At the core of Fernanda Parrado’s 2019 experimental short film, Metamorphosis, is the concepts of sacrifice and rebirth. Through the usage of archival 16mm film reels of documentaries about the monarch butterfly, and her own shots on a Super 8 camera, Parrado’s six minute film takes the viewer on a poetic visual journey about immigration, the self, and politics.
Metamorphosis opens with scenes from a 1950s documentary about the migration of monarch butterflies. Then, sped-up footage of a man stamping immigration papers plays out as the narrator describes the tagging process of monarchs as they travel south.
Looking at the migration of butterflies as a metaphor for human immigration helped Parrado understand not only the particularity of her circumstances, but also its similarities with many other immigrants, most notably her family.
“My family, they’re are all immigrants. My grandfather is from Spain and my grandmother from Portugal,” said Parrado. Originally from São Paulo, Brazil, she made her way to New York City to study film at City College in August of 2016. At times, the film seems like a letter to her grandfather, who passed away in March, and who was opposed to her going to New York.
“I didn’t know anyone in New York, just went there by myself,” said Parrado. “I wanted a sense of rebirth.” So she migrated to New York, but almost immediately she ran into obstacles that are familiar to immigrants whose first language isn’t English.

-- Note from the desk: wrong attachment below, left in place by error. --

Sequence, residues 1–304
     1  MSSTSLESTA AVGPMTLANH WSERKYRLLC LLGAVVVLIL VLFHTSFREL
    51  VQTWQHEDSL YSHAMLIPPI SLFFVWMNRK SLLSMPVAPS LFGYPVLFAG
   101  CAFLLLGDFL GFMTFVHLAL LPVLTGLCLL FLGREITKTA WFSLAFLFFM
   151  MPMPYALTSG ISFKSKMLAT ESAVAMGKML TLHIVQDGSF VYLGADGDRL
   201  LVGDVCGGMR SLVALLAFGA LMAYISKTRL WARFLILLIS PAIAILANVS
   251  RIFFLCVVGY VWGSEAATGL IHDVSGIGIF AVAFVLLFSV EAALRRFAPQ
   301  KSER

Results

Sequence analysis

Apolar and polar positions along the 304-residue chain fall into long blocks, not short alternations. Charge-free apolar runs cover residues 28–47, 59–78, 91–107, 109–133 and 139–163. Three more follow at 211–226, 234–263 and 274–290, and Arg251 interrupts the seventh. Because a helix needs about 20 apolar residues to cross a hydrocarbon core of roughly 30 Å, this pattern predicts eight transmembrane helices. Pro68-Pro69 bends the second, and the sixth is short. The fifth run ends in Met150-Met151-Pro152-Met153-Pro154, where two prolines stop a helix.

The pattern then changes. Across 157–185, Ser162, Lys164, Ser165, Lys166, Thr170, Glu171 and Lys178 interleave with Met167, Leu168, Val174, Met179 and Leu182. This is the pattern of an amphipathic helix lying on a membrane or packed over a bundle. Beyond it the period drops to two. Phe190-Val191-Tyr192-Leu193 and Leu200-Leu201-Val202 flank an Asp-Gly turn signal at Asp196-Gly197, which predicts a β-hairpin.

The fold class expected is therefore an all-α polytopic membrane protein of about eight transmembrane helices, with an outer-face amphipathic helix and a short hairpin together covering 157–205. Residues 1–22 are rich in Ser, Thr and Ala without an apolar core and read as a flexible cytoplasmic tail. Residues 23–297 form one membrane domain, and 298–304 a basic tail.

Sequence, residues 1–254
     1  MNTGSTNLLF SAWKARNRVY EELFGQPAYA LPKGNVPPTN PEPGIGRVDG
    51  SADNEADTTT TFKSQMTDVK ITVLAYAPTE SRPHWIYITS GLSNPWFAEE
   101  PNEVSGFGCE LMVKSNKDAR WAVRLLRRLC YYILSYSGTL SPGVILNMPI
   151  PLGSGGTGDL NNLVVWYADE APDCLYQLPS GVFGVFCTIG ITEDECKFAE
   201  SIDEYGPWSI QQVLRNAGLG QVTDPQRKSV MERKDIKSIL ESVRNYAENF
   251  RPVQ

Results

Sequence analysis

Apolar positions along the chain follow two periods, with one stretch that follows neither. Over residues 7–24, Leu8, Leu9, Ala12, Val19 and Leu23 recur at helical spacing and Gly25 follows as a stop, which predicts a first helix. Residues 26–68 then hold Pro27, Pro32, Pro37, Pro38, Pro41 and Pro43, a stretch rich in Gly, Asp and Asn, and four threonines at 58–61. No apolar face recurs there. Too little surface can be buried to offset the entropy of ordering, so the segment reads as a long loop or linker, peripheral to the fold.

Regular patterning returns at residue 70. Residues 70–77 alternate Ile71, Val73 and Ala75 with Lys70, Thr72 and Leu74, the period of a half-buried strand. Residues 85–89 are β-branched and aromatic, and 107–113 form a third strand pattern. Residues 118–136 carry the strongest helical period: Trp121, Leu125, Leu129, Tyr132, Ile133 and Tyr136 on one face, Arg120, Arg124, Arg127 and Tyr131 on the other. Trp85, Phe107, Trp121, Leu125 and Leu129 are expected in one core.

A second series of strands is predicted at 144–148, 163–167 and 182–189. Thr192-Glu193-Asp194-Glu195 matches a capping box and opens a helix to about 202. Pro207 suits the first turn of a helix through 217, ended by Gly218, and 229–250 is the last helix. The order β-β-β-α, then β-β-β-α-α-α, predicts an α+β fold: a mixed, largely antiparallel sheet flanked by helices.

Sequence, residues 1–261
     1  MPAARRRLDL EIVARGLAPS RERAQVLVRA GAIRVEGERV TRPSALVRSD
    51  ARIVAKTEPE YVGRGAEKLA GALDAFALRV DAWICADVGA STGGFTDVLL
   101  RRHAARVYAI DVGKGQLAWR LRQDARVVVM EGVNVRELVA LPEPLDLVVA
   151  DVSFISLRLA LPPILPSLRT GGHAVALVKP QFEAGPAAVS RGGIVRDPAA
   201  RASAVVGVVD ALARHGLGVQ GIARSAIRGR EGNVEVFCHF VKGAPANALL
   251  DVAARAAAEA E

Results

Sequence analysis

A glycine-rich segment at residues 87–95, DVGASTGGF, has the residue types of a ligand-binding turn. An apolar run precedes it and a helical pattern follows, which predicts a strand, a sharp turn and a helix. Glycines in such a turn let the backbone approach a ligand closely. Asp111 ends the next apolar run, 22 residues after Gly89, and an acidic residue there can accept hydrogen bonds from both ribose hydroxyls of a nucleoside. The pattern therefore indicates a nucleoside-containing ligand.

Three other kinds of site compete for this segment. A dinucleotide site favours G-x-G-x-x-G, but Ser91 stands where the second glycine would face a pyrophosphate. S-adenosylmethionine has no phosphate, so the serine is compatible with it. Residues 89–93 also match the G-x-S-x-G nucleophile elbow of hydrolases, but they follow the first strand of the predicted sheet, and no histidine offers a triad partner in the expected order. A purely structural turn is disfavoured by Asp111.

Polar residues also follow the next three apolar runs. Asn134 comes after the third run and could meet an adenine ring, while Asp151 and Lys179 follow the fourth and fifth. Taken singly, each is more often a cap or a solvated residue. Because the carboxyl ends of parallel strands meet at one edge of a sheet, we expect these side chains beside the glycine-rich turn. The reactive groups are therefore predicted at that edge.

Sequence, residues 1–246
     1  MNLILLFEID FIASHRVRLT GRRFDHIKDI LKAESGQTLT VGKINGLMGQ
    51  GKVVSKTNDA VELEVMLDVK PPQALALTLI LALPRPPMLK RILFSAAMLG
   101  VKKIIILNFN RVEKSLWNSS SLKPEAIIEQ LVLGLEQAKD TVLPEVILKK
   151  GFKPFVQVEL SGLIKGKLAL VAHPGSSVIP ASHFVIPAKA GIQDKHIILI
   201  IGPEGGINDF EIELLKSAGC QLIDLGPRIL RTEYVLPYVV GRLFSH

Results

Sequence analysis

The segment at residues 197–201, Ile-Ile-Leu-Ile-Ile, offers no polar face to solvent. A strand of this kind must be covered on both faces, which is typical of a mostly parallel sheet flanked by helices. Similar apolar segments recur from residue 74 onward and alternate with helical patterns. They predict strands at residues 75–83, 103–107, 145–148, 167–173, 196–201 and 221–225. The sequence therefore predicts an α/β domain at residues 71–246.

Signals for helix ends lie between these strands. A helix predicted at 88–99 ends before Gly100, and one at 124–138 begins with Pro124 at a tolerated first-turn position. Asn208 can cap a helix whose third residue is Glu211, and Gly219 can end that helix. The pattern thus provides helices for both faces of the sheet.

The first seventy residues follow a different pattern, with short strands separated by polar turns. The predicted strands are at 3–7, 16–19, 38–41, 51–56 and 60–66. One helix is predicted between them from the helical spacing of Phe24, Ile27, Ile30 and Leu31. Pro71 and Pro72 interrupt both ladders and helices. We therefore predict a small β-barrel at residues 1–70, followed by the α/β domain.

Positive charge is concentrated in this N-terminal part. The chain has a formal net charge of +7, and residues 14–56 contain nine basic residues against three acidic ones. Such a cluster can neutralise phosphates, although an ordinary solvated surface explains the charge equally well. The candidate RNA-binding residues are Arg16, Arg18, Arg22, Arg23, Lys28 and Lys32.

“New York definitely made me feel like an immigrant. Every time I opened my mouth, people would know that I wasn’t from there,” Parrado said. “It was difficult to really get that sense of rebirth.”
After the title rolls through, Parrado’s voice begins to narrate the rest of the film over manipulated archival footage and her own shots on a Super 8, which she had to trade in her DSLR to get.
“Memories, objects, photos; you would try everything to show me your path,” Parrado narrates, “what your culture meant to you and how that was part of me as well.”
Parrado told me that the first generation of monarch butterflies to migrate south go through all the trials and tribulations, but that because of that first generation’s journey, the second generation knows the way back.
In moving to New York, though, Parrado made the tough decision to be that first generation.
“I also have European citizenship, so if something happens and I’m not able to stay in New York, I’ll just go over there,” she said. “It’s funny because my grandparents left Europe for a better life in Brazil, and I’m ready to go back there! It’s really just like the butterflies. I feel like my roots are there in Europe,” she says.
This gets at something that is expounded upon in the images and narration of the film: the eternal possibility of change, or as the title puts it, metamorphosis. As Parrado builds a life in New York City, she is constantly aware of the fact that her grandparents have experienced much of the struggles that she’s going through, but also that she is better for it.
“As an immigrant, I learned to forgive myself, to build a thicker skin, so that I could keep moving. Migrating like you did, in my own constant metamorphosis,” says the narrator in the final seconds of the film. These lines are said over a shot of a monarch stretching out of its cocoon, reiterating the beautiful parallel between her own personal story, the monarchs, and her grandfather. The “you” in this narration thus expands to more than those in Parrado’s life, but also to any immigrant, butterfly or human.
Metamorphosis will premiere at the BAM Film School Shorts 2019 on Wednesday, Sept. 25, alongside films by students from Bard, Columbia, Vassar, The New School, and our very own Brooklyn College.